By Dominic Powell and Emma Koehn
Telstra has chalked up another potential win in the battle between Australian telecommunications companies after the Australian Competitor and Consumer Commission (ACCC) released a draft decision declaring other mobile providers will not be able to provide roaming on Telstra’s regional networks.
“There is insufficient evidence to suggest that declaration of a mobile roaming service in regional and rural areas would further lower prices or improve services, given the higher costs in servicing these areas,” ACCC chairman Rod Sims said in a statement.
“Many regional consumers do not have a choice of provider either because they only have one network offering coverage in their region or because they need continuous coverage. While we do not think that mandated roaming is the answer to these problems in regional and rural areas, we are seeking comment on other regulatory and policy measures that could improve coverage and competitive outcomes.”
This is the third time the issue has been raised before the watchdog, with inquiries in both 1998 and 2005. In a statement to news.com.au, Vodafone said the decision was “disappointing”.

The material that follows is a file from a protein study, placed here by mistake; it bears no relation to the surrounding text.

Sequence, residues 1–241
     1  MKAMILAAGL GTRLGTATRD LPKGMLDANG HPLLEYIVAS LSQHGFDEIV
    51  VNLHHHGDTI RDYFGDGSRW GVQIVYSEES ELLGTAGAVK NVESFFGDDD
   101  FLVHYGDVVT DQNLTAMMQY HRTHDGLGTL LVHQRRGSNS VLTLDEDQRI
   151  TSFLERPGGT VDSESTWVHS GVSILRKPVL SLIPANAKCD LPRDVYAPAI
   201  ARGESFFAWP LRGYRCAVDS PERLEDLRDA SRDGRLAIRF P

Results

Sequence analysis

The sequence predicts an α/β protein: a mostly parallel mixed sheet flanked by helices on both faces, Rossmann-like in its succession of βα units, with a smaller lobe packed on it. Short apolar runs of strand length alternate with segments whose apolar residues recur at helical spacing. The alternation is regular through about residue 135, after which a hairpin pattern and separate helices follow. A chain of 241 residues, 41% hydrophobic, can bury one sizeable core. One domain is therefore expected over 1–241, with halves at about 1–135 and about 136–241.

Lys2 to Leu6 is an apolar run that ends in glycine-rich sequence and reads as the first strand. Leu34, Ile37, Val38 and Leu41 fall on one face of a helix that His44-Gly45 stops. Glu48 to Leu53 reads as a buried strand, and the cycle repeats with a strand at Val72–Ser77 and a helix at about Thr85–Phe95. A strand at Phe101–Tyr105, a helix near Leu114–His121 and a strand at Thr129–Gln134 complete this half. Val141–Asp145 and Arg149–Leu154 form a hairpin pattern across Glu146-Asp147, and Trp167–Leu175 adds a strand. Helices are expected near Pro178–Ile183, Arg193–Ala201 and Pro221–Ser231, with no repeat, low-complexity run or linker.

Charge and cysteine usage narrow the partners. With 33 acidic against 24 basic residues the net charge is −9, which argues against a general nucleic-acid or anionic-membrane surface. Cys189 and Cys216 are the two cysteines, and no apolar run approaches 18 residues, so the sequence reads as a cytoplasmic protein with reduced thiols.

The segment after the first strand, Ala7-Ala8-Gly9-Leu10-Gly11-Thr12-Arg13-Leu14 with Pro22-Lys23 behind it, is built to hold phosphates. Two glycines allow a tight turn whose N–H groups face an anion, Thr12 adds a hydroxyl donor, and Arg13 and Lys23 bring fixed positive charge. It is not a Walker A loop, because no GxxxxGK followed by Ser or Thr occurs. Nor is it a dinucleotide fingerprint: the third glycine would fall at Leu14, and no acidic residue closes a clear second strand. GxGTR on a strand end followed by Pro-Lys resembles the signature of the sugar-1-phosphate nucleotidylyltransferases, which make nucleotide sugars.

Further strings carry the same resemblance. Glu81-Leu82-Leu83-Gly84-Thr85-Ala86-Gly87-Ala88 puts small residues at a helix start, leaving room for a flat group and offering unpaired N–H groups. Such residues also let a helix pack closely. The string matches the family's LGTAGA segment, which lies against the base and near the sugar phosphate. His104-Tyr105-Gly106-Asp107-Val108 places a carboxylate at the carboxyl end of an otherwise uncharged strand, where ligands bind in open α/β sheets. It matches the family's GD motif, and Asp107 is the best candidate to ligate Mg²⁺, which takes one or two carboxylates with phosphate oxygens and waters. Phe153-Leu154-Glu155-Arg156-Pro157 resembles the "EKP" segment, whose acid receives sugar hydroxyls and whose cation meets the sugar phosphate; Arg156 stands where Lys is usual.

“The telecommunications divide between the cities and regional areas will only continue to widen, as no other operator will be able to close the coverage gap between Telstra and the rest of the industry,” a Vodaphone spokesperson said.
The ACCC will be taking submissions on the draft decision until June 2.
Pay gap to go by next year: Woolies chief executive
Woolworths chief executive Brad Banducci says he’s hopeful the retail giant’s gender pay gap will be erased by 2018.
In a speech delivered to the launch of the Salvation Army’s Red Shield Appeal, Banducci said pay equality was the key to gender equality, reports The Australian.
“Right now our gender pay gap is about half a percent and I hope that will be zero by the end of next year,” he said.
Woolworths’ approach to addressing the gap has included reviewing proposed annual wage increases to address the gap that exists between some male and female employees’ salaries, he said.
Melbourne City Council earmarks startup grant funding
The City of Melbourne has marked startups as a key priority in the release of its draft budget for the year ahead with plans to launch more global startups from the city.
Chair of the small business, retail and hospitality portfolio Councillor Susan Riley said the council will contribute $291,000 in funding for grants and mentoring for startups and small business.
“The success of small businesses drives growth in employment and provides valuable goods and services to residents, workers and visitors,” she said. However, it’s unclear what the nature of these grants will be.
The council has also pledged to start work on an $11 million project to improve access and create new open areas in the Southbank precinct in Melbourne’s CBD, which it describes as the city’s “most densely populated suburb”.